If you have one of these older EMV readers, it’s important to consider upgrading to a newer system with NFC. Upgrading can speed up the checkout process and helps to give customers more options. It also puts less wear on your card reader, meaning it will last longer and must be replaced less often. 

Upgrading your EMV reader also future-proofs your processing. Newer digital wallet technologies like those pioneered by Apple Pay are becoming more popular with consumers. Many consumers only travel with their Apple-Pay-enabled phones and don’t even bring credit cards anymore.

Serving these customers can increase your sales and help you stay current with the latest payment or smart card technologies.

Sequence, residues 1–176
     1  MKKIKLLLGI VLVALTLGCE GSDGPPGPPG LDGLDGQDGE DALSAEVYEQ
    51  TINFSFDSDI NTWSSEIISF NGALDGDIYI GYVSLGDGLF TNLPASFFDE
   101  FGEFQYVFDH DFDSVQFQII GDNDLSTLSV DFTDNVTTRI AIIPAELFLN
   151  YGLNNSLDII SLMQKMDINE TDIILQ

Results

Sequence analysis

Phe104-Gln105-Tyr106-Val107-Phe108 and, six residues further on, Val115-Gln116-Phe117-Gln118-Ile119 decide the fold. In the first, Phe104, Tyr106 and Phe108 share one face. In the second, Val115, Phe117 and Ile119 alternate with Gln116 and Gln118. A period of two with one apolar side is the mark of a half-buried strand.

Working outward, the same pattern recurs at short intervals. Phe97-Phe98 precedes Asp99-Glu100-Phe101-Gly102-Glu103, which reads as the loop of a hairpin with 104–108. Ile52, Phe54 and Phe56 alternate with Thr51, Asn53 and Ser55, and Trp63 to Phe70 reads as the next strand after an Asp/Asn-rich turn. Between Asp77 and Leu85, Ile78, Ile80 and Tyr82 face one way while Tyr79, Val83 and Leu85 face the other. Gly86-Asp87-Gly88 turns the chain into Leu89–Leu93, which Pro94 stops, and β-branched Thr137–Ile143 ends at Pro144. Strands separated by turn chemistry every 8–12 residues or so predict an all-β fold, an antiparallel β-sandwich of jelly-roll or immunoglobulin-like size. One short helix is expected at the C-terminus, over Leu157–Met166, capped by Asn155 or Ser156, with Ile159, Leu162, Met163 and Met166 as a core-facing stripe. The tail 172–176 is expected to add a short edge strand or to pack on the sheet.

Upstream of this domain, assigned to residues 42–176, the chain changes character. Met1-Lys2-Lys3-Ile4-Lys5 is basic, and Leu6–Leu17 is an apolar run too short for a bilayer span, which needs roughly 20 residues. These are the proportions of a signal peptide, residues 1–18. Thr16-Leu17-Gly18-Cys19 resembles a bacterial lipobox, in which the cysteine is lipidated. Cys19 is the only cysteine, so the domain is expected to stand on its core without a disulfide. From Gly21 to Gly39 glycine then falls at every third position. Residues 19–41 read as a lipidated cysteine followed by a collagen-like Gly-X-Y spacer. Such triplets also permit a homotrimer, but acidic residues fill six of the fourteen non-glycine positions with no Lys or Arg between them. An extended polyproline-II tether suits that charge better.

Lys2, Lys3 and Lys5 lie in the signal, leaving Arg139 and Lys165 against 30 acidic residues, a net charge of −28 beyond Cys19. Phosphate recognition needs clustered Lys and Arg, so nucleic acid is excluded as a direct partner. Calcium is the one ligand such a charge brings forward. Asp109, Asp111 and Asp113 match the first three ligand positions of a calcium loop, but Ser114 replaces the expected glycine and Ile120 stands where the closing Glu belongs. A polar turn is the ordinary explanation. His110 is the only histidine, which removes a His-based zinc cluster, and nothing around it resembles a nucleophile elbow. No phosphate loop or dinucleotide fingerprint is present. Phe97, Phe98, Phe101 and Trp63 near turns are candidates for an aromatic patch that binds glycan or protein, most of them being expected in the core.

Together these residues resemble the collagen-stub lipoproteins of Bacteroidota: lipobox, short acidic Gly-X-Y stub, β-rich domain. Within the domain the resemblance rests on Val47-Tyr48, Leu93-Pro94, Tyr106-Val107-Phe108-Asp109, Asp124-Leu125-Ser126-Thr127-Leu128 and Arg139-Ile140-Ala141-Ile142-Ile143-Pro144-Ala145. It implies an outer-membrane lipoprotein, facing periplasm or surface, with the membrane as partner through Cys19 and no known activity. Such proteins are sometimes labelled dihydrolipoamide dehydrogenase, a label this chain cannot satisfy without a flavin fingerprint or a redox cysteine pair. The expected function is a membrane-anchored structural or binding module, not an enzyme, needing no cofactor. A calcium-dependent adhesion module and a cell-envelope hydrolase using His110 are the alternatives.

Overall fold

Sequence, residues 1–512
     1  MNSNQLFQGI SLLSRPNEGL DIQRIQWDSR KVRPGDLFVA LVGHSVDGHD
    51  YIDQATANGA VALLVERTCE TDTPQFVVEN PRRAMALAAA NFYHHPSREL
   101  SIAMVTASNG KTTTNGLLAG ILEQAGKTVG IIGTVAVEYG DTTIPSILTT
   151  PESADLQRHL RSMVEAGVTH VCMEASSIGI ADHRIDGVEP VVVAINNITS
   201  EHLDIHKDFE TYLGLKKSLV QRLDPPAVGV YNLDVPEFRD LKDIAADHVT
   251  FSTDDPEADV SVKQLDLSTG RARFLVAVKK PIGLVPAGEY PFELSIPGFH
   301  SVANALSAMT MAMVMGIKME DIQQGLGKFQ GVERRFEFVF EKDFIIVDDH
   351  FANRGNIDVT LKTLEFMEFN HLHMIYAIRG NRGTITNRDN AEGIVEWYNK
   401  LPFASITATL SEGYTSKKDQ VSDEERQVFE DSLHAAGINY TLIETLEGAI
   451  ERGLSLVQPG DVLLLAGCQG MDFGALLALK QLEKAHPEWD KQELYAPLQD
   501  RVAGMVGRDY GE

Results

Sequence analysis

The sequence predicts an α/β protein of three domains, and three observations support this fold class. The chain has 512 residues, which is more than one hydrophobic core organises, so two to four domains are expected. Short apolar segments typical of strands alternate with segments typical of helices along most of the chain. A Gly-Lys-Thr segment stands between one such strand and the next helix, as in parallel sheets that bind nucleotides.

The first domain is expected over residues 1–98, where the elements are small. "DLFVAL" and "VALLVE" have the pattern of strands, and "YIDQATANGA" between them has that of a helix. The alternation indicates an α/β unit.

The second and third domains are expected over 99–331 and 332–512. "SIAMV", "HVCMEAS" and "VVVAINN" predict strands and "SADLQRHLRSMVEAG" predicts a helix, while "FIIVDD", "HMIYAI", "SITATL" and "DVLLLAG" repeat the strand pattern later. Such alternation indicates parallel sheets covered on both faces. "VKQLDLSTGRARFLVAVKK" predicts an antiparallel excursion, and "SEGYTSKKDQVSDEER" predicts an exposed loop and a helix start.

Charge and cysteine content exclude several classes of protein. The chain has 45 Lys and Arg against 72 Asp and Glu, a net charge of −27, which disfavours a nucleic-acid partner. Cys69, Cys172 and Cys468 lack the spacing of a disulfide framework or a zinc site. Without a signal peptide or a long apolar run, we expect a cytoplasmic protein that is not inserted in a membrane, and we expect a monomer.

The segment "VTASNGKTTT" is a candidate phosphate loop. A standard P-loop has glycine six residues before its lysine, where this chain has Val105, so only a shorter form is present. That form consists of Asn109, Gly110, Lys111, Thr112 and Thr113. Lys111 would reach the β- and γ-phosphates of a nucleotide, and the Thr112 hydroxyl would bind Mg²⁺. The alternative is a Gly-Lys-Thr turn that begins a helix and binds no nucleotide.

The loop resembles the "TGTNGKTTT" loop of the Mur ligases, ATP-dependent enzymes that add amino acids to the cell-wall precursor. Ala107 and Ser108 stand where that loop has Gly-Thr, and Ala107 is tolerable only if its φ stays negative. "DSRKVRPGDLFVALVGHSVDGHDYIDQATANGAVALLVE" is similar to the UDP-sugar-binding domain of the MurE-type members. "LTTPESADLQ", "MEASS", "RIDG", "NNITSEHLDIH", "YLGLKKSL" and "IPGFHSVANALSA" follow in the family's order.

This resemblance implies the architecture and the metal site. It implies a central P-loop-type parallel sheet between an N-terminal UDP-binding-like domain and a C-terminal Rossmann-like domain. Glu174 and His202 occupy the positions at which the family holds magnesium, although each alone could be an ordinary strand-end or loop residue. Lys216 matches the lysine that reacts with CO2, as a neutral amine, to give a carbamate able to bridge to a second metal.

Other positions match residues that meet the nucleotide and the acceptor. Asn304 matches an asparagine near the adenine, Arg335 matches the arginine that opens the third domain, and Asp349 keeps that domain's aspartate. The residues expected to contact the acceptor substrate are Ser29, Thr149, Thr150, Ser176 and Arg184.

What’s important to know is that upgrading your reader does not usually require any of your existing payment gateways or anything else to be changed. 

Finally, if you want to upgrade, consider looking into POS systems if your business is still just using a payment terminal or card reader. POS systems and the latest EMV readers can offer enhanced business functionality like inventory tracking and employee management.

If your business needs to upgrade its payment processing solutions, contact ECS Payments. We offer the latest EMV readers and POS systems. We can help your business leverage these technologies to increase efficiency and profitability.

Are Magnetic Stripes Still Useful

With all the benefits of EMV chip cards, magnetic stripes and their readers have no place.

But this isn’t entirely true. While credit and debit cards are phasing out magnetic stripes, many readers still have them, and this is because there are still magnetic stripe card benefits in some cases.

Businesses may want to swipe other types of cards outside of payments. Some examples are loyalty or reward program cards. Many businesses have their rewards program integrated with their POS system. This means customers can swipe magnetic loyalty cards to receive benefits or perform other necessary actions.